Superstar basketball player LeBron James is known for ruling the court, but he’s also become increasingly outspoken on the topics of race and politics in recent years.
In a new interview with CNN’s Don Lemon, James spoke about fulfilling his promise to open a school in his hometown of Akron, Ohio, and what made him lend his voice and his platform to the discussion about racism in America.
For the 33-year-old husband and father, the change occurred after 17-year-old Trayvon Martin was killed while walking home from the store in Florida back in 2012.
“It starts with the Trayvon Martin situation,” James explained. “The reason it starts with that is because, having boys of my own, it hit home for me to see and learn the story and to think that if my boy left home and he never returned. That kind of hit a switch for me.”
“From that point on, I knew that my voice and my platform had to be used for more than just sports,” he added.
Since Donald Trump was elected, the reality star turned U.S. President has taken aim at Black athletes over a host of issues, from kneeling during the National Anthem to refusing to visit the White House after winning a championship. When Trump slammed Golden State Warriors star Stephen Curry for choosing not to celebrate their NBA title at the White House, James came to his colleague’s defense on social media and called Trump a “bum.”
His plainspoken defense of Curry earned James harsh critiques from the Right, and Fox News host Laura Ingraham told him to “shut up and dribble.”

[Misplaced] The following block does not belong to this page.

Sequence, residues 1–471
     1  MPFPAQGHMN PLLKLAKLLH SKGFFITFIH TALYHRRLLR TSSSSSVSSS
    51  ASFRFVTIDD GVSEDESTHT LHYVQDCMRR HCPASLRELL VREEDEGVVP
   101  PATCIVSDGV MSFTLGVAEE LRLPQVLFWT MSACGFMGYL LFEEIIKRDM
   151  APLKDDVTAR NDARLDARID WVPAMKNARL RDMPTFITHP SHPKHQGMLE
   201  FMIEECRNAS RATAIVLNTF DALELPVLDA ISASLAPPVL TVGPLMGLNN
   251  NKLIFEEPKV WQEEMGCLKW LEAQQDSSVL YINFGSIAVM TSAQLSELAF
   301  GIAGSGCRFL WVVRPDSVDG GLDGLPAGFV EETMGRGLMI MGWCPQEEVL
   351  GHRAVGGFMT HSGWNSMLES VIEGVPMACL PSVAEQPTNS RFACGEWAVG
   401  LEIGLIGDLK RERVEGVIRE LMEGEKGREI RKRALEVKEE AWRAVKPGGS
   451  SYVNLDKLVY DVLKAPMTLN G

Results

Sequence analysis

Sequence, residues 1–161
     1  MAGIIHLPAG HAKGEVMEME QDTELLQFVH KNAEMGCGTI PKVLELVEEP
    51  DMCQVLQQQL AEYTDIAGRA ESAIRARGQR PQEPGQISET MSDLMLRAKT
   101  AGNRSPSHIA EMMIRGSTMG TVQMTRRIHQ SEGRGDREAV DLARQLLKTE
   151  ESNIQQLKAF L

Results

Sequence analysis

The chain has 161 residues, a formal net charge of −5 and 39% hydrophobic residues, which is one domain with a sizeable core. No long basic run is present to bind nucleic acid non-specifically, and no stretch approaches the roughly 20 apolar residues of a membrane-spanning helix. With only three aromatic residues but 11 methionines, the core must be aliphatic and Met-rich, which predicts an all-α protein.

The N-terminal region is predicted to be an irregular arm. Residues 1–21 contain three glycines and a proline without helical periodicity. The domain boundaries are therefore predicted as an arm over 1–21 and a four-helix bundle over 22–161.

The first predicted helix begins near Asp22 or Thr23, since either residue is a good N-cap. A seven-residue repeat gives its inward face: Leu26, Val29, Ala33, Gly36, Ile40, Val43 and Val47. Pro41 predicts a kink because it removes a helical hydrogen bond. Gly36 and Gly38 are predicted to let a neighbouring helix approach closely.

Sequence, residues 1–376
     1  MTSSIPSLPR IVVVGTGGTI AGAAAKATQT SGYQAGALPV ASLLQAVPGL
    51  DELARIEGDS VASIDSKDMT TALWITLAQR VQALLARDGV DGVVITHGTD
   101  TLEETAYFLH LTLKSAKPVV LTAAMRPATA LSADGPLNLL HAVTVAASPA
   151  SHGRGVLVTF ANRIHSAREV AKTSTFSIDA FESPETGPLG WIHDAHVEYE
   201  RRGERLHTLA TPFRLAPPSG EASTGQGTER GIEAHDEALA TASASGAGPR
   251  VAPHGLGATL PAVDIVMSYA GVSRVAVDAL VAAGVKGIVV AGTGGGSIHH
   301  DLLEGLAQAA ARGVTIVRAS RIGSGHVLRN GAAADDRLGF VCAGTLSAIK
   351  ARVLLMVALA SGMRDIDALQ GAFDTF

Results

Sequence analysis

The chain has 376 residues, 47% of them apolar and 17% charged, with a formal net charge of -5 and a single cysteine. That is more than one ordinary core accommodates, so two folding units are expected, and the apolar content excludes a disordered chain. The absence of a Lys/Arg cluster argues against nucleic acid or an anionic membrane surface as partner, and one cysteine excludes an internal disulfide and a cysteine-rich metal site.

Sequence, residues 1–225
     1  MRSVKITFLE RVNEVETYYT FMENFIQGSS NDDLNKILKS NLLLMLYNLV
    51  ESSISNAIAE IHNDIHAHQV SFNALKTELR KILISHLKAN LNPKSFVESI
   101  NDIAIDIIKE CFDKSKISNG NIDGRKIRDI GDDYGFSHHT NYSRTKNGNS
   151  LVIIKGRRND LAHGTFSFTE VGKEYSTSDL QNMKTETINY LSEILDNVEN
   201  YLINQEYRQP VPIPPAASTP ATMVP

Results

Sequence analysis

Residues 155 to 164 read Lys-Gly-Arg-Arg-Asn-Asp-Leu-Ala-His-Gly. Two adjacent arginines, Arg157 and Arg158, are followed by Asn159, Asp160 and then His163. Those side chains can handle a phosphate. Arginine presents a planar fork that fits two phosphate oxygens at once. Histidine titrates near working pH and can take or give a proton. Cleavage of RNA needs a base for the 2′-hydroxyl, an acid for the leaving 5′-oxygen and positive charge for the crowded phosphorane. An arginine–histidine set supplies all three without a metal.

Thankfully, James didn’t take her advice and he’s continued to be an outspoken critic of the president, particularly because of Trump’s attack on athletes.
“He’s kinda used sports to kinda divide us,” James said. “Sports has never been something that divides people. It’s always been something that brings [people] together.”
The NBA star also said Trump has given people permission to be more vocal about their hatred toward others.
“The president in charge now has given people…..they don’t care now ― they throw it in your face now,” he said. Last year, James’ Los Angeles home was vandalized with the n-word, and the star said it was a reminder that “no matter how big you can become, now matter how successful you are, no matter what you do in the community, no matter what you do in your profession, being an African American in America is always tough, and they’re always gonna let you know that you are the n-word, no matter who you are.”
Before the interview ended, Lemon asked James what he would say to Trump if they were sitting across from each other. While many would have probably trotted out a politically correct answer about finding common ground, James kept it all the way real.
“I would never sit across from him,” James said with a smile. “I’ll sit across from Barack [Obama], though.”
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